Early Predictors of Language and Social Communication Impairments at Ages 9–11 Years: A Follow-Up Study of Early-Referred Children PurposeIn this study, the authors aimed to evaluate hypotheses that early sociocognition will predict later social communication and early phonology will predict later morphosyntax in clinically referred preschoolers.MethodParticipants were 108 children ages 9–11 years who had been referred to clinical services with concerns about language at age 2½–3½ years. Predictors ... Research Article
Research Article  |   December 01, 2013
Early Predictors of Language and Social Communication Impairments at Ages 9–11 Years: A Follow-Up Study of Early-Referred Children
 
Author Affiliations & Notes
  • Shula Chiat
    City University London, United Kingdom
  • Penny Roy
    City University London, United Kingdom
  • Disclosure:The authors have declared that no competing interests existed at the time of publication.
    Disclosure:The authors have declared that no competing interests existed at the time of publication.×
  • Correspondence to Shula Chiat: shula.chiat.1@city.ac.uk
  • Editor: Janna Oetting
    Editor: Janna Oetting×
  • Associate Editor: Sean Redmond
    Associate Editor: Sean Redmond×
Article Information
Development / Special Populations / Early Identification & Intervention / Language Disorders / Social Communication & Pragmatics Disorders / Speech, Voice & Prosody / Research Article
Research Article   |   December 01, 2013
Early Predictors of Language and Social Communication Impairments at Ages 9–11 Years: A Follow-Up Study of Early-Referred Children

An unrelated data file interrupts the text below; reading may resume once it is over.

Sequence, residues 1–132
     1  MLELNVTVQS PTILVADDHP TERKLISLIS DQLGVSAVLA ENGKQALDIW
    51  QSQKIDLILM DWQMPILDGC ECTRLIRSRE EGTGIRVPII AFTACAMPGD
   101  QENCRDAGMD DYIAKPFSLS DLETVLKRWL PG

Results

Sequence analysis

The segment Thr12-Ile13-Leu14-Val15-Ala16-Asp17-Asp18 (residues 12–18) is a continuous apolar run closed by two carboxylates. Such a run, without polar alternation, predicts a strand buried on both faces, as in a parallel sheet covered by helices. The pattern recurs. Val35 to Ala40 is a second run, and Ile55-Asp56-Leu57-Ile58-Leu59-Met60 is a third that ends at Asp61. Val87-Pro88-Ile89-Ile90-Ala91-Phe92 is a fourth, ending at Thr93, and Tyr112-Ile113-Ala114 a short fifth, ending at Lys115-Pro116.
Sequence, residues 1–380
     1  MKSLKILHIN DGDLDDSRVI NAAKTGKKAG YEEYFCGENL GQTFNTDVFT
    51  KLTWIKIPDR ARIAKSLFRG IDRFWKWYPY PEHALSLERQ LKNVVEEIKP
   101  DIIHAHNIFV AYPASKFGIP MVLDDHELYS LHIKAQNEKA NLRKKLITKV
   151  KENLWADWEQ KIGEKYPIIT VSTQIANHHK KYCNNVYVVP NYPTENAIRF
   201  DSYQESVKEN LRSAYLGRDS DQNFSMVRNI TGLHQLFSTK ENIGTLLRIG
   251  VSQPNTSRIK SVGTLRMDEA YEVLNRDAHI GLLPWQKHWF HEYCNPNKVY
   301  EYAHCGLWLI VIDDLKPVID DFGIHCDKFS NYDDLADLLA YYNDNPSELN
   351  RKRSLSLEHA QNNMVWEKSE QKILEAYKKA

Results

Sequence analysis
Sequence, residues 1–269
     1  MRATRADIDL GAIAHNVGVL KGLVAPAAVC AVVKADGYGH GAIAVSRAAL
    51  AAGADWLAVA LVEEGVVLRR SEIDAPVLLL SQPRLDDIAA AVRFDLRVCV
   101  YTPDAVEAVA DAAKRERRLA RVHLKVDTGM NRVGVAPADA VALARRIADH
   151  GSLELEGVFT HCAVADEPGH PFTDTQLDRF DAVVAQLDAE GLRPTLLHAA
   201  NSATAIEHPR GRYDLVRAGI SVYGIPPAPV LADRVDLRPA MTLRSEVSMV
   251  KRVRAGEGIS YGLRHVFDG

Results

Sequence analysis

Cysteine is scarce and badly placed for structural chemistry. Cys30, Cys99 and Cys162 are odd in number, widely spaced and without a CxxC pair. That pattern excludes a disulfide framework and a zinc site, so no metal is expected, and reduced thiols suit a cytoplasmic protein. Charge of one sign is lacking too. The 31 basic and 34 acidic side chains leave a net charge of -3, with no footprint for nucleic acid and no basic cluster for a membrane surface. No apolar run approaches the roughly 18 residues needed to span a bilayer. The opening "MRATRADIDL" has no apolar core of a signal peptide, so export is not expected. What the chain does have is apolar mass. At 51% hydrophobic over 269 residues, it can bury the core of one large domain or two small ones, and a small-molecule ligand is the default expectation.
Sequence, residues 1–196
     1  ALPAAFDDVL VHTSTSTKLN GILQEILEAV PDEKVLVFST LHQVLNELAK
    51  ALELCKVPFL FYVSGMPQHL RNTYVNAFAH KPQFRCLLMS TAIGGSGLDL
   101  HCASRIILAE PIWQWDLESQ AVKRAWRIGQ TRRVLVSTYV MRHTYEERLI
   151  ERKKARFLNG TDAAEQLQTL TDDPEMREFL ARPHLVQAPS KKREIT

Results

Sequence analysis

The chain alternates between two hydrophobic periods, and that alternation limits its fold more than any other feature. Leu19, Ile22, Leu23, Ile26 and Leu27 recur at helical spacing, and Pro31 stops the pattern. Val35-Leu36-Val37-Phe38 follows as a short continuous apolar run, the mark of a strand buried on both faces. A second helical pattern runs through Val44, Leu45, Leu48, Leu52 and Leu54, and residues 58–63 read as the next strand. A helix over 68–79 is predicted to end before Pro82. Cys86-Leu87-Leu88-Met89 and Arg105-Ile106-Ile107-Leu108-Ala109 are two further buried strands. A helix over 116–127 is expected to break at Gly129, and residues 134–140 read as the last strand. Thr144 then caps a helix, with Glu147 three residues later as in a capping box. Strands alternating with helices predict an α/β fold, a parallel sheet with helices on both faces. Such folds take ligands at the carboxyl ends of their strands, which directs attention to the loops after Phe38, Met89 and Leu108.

Journal of Speech, Language, and Hearing Research, December 2013, Vol. 56, 1824-1836. doi:10.1044/1092-4388(2013/12-0249)
History: Received August 8, 2012 , Revised December 13, 2012 , Accepted March 20, 2013
 
Journal of Speech, Language, and Hearing Research, December 2013, Vol. 56, 1824-1836. doi:10.1044/1092-4388(2013/12-0249)
History: Received August 8, 2012; Revised December 13, 2012; Accepted March 20, 2013

PurposeIn this study, the authors aimed to evaluate hypotheses that early sociocognition will predict later social communication and early phonology will predict later morphosyntax in clinically referred preschoolers.

MethodParticipants were 108 children ages 9–11 years who had been referred to clinical services with concerns about language at age 2½–3½ years. Predictors at Time 1 (T1) were measures of sociocognition, word/nonword repetition, and receptive language. Outcome measures at Time 3 (T3) included a social communication questionnaire completed by parents and tests of nonword repetition, morphosyntax, and receptive language.

ResultsGroup- and case-level analyses revealed early sociocognition to be the strongest predictor of social communication problems, which by T3 affected almost one third of the sample. At the group level, early phonology, which was a significant problem for the majority of children at T1, was a weak predictor of morphosyntax at T3. However, at the case level the majority of children with poor morphosyntax and nonword repetition at outcome had had very low repetition scores at T1.

ConclusionsIn early language referrals, it is important to identify and address sociocognitive problems, a considerable risk for later social communication and autism spectrum disorders. The majority of early-referred children had phonological problems, often severe, but these require further investigation to determine their longer term significance for language.

Acknowledgments
This research was funded by Economic and Social Research Council Grants RES-000-23-0019 (for the initial study) and RES-000-22-4093 (for the follow-up research). We thank our research assistants in the follow-up study—Joanna Piper, Liz Elliman, and Mia Travlos—as well as our research assistants in the initial study—Talia Barry, Sophie Edgington, Renia Kaperoni, Luisa Martinez, Louise Occomore, and Sharonne Williams. We also thank the parents, teachers, and children for their participation.
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